Teaching and Learning in Anthropology

Photo by Angela Jenks.


I’m excited to be serving as the inaugural Scholar-in-Residence for the Teaching Tools section of the Cultural Anthropology website. I have been teaching for just over ten years, ever since I applied for an adjunct faculty position at a local community college to supplement my income while I worked on my dissertation. At the interview, the search committee asked if I would be able to teach “Religion, Magic, and Witchcraft.” I had little background in the subject but, needing a job, I immediately answered, “Yes!” A few weeks later, after reading as much as I could on the anthropology of religion and thinking only vaguely about pedagogy, I stood in front of my own classroom for the first time.

This experience transformed my career. I was completing my PhD in the joint medical anthropology program at the University of California, Berkeley and San Francisco, and was immersed in research on the promotion of cultural competence in U.S. biomedicine. As I wrote about power, structural inequality, and the racial and economic disparities that pervade the American medical system, I worked with students who were themselves struggling to understand their positions in an unequal society. Some of these students were insecurely housed, had battled drug addictions, or had recently been released from prison. Many more were first-generation college students who were balancing their coursework with full-time employment and family responsibilities. My class, like other general-education courses these students were required to take, seemed to be one more hurdle to overcome. (One student confessed that she had sighed in dismay as she registered for my course. “Anthropology,” she thought. “That sounds hard.”)

My early teaching experiences and interactions with students shifted the way I thought about both my research and my role as an anthropologist. I discovered that I had developed skills in graduate school which stretched beyond the specific topic of my dissertation, like the ability to quickly review, organize, and present an unfamiliar area of the field. At the same time, teaching required me to explain social theory (and its significance) in plain, jargon-free language, and I found that my own writing and thinking became clearer in turn. Most importantly, my students forced me to articulate, for them and for myself, why anthropology matters.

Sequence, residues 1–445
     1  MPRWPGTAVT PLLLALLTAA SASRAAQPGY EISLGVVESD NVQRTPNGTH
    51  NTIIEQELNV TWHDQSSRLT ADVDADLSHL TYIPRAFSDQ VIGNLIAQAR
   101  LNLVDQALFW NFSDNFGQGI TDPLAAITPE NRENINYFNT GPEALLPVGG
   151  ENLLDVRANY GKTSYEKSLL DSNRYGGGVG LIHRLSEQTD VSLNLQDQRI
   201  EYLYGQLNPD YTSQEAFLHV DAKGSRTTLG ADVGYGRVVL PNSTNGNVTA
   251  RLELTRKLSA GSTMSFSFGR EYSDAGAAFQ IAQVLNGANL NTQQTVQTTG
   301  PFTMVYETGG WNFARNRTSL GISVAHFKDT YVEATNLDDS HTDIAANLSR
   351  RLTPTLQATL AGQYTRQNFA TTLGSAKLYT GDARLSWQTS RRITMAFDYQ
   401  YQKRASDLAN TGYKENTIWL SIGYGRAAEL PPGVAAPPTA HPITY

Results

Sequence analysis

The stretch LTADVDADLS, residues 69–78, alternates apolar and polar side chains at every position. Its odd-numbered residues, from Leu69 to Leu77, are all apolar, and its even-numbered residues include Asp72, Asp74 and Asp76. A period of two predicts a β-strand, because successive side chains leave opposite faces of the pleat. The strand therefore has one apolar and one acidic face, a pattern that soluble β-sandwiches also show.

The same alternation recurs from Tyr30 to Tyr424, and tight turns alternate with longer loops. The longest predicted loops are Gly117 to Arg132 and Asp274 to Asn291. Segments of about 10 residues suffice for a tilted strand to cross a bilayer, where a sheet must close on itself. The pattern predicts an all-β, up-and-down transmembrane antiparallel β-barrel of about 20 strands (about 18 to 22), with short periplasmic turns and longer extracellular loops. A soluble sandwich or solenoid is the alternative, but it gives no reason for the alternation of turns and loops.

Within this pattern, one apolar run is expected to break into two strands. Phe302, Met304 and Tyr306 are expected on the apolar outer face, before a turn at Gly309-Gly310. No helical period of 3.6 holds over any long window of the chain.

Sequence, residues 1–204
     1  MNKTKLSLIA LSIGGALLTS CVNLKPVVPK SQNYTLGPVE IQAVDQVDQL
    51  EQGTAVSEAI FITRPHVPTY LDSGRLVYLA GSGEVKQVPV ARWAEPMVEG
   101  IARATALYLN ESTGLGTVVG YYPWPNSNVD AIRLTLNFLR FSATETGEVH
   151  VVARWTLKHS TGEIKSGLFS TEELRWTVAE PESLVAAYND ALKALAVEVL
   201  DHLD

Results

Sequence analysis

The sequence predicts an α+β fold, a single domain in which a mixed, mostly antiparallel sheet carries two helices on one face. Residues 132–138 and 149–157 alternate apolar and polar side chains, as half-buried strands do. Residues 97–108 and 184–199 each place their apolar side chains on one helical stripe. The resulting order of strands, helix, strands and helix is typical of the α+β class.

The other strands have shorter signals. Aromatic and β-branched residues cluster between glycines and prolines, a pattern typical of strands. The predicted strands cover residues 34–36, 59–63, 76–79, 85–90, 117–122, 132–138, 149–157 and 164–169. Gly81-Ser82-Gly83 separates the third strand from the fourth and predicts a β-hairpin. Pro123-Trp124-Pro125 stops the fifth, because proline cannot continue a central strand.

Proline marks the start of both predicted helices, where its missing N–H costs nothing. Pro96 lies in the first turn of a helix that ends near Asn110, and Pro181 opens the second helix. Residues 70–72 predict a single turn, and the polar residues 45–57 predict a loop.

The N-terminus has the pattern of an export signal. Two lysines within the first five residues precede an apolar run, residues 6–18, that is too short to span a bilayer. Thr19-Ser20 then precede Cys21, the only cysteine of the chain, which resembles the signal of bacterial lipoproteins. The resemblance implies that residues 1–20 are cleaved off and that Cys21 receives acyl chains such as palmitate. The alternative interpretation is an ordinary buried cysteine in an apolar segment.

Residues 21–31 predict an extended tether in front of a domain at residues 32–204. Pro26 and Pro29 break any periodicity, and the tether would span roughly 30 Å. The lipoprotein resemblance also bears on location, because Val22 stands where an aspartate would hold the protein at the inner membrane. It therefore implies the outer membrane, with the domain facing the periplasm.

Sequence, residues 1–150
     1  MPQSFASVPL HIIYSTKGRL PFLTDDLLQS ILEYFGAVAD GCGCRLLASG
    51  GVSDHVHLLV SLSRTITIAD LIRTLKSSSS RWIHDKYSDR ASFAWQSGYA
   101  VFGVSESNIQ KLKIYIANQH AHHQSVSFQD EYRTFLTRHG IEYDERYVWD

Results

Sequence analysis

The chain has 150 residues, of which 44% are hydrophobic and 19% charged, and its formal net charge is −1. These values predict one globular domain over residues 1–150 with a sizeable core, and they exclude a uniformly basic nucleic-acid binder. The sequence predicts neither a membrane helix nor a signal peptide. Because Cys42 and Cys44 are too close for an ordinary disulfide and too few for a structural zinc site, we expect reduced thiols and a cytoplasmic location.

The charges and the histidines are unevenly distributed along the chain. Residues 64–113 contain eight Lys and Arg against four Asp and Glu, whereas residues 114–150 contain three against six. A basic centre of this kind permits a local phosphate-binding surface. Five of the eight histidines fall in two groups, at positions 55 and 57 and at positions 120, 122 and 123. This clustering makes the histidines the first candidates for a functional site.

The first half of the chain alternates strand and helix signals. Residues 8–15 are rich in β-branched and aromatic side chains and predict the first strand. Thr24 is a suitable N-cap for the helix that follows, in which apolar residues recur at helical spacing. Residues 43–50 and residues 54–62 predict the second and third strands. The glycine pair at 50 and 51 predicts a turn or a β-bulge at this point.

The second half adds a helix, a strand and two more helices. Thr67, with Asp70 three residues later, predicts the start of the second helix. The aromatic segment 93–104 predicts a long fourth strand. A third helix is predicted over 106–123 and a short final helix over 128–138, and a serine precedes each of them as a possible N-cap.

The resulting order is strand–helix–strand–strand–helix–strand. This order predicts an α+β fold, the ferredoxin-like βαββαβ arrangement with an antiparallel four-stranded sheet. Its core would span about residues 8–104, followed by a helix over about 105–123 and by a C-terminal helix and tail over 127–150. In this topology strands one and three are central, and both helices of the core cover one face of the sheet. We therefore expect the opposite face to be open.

I continued to teach at a variety of institutions as I completed my PhD, and as I worked to develop my pedagogical skills, I became increasingly interested in permanent teaching-focused positions. Shortly after completing my degree, I began a full-time position at Los Angeles Southwest College, a community college in South L.A. Four years later, I moved to the University of California, Irvine, where I am currently a Lecturer with Potential Security of Employment (LPSOE). The LPSOE position mirrors the assistant professor rank and has a comparable tenure evaluation process. The main difference is in the balance of research, teaching, and service responsibilities; LPSOEs have higher teaching loads and are primarily evaluated on the basis of their teaching and service. I teach up to nine courses a year and currently serve as director of the Master’s in Medicine, Science, and Technology Studies program.

Over the next several months, I hope to contribute to the expanded mandate of Teaching Tools by reflecting on my experiences and by sharing pedagogical resources that can be of use to graduate students and other early-career instructors. Future posts will follow my own efforts to design courses, write syllabi, use class activities, and create and grade assignments in ways that can best support student learning. I have also planned a series of posts on topics related to academic job searches, such as applying for anthropology jobs at teaching-focused institutions, crafting a statement of teaching philosophy, and preparing a teaching demonstration